Elizabeth Chadwick - The English One!

(July 5, 2003)

"Regarding the medieval attitude to sex. There was one school of thought that said that a woman needed to be sexuallys satisfied in order to conceive - and it was always quoted in cases of rape when the woman got pregnant as a result - i.e. it couldn't have been rape because she obviously enjoyed it, otherwise she wouldn't have got pregnant! The writings of Avicenna, Albert The Great and Trotula are positive towards encouraging warm sexual relations between couples. Indeed, Trotula advises washing and perfuming 'down there' before a woman has intercourse.

"There was another school of thought that said that women craved sperm because it strengthened them. However ejaculation was thought to weaken men and frequent sexual intercourse was cautioned against and frowned upon by the church. Fellatio was viewed as a perversion. In his penitential of 1012, German bishop Burchard of Worms lists various sexual deviations and the penances to be undertaken if men or women have performed them. Sex on Sunday? Four days on bread and water. Doggy style? 10 days bread and water. Kissing (Burchard says 'Have you kissed some woman due to foul desire and thus polluted yourself?' - three days bread and water. Women who swallow their husband's semen should do penance for 7 years on legitimate holy days. So umm...whatever the other ins and outs of the matter - fellatio appears to have been a no-no!"

--Elizabeth Chadwick on the ATBF MB

 

Featured in a recent ATBF column was a segment entitled "Virgin Sex," and among the many posters who commented on our ATBF Message Board was Elizabeth Chadwick - always mentioned online as "the British Elizabeth Chadwick." Known for her historically accurate medieval fiction, I read her comments enthusiastically and asked if she'd do a Q&A with me. She graciously agreed, and over a period of emails we talked about the medieval period, her writing and influences, and the love we share for medieval swords. Chadwick's books aren't always easy to find in the U.S., but lovers of historical fiction will find them well worth the effort.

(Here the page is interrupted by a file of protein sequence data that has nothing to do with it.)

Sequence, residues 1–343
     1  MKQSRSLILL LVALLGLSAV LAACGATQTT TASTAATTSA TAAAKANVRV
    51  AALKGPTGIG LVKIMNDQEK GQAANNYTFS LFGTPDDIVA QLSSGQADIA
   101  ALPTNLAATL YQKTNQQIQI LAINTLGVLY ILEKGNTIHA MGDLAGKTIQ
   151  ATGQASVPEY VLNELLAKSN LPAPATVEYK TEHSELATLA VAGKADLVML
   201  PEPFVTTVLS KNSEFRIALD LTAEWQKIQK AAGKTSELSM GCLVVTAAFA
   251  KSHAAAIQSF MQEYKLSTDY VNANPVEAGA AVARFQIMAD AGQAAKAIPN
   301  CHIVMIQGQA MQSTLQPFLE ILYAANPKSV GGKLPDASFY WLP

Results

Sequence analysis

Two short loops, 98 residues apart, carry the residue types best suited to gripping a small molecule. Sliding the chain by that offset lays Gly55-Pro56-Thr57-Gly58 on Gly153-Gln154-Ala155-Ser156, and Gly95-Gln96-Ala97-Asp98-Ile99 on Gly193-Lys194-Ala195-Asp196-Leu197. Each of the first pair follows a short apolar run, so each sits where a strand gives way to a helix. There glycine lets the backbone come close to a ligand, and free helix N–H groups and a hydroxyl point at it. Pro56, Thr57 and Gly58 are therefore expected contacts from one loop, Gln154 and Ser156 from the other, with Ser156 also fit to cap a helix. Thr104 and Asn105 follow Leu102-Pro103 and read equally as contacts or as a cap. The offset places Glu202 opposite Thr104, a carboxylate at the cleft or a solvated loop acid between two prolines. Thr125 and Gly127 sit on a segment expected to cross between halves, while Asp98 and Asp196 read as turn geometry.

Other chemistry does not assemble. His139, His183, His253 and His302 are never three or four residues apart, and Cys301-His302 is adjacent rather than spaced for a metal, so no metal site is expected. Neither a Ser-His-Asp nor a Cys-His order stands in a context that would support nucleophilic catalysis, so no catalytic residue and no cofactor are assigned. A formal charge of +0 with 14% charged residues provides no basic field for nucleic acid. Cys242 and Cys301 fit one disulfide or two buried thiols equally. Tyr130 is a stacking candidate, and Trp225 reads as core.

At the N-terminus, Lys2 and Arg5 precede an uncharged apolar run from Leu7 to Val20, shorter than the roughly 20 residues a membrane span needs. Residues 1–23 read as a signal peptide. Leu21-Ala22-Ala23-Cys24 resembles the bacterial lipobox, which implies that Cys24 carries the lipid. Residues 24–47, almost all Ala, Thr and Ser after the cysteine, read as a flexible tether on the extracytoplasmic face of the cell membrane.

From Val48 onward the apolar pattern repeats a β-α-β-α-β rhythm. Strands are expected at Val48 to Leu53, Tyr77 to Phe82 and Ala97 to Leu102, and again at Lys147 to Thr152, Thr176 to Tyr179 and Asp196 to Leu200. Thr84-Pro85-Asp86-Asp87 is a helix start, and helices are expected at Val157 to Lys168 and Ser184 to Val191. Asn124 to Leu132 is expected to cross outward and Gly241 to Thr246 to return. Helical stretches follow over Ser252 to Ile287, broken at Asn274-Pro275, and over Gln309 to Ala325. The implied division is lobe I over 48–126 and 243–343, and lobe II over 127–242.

--Laurie Likes Books

What's it like sharing the name of another author? Every time I hear your name, it's always qualified by "the English Elizabeth Chadwick, not the American Chadwick."

It is somewhat bizarre, since for both of us it's a pen name. My pen name is a combination of my middle and maiden names, so it's still me so to speak - I didn't pluck 'Elizabeth Chadwick' out of the air. I don't know how the other author came by hers. I have since heard from another American Elizabeth Chadwick who's a journalist, so there are three of us around. I must admit it was rather strange to come across my novels in a UK bookshop and find the 'other' Elizabeth Chadwick's novels ranged alongside them. It confused me the first time around and I'm sure it confuses readers too.

What is most misunderstood in the medieval period?

I think sometimes that people today see people in the past as less intelligent but that just isn't true. Our brains haven't evolved any more in the 1000 or so years since the Middle Ages. It's us as we were then. Many of our morals, values and belief systems are now different but human nature remains the same. When you see some of the wonderful artifacts crafted by our medieval ancestors you realise just how talented and skilled they were. Often a lot of small details are misunderstood about the earlier Middle Ages. In themselves they're probably insignificant except to a detail nut like myself, but they build up, layer upon layer until rather than a clear window, the viewer is looking through a misty, distorted glass. For example, there's the myth that the war sword of the period was a whacking great object that a knight would need Arnold Schwarzenegger muscles to wield. However the average sword actually weighed about 3-4 pounds and was a superbly crafted piece of kit. Another myth is that war horses were hulking great beasts, but the average size of a destrier of my period was 15.2 hands at the largest and probably resembled a small American Quarter Horse.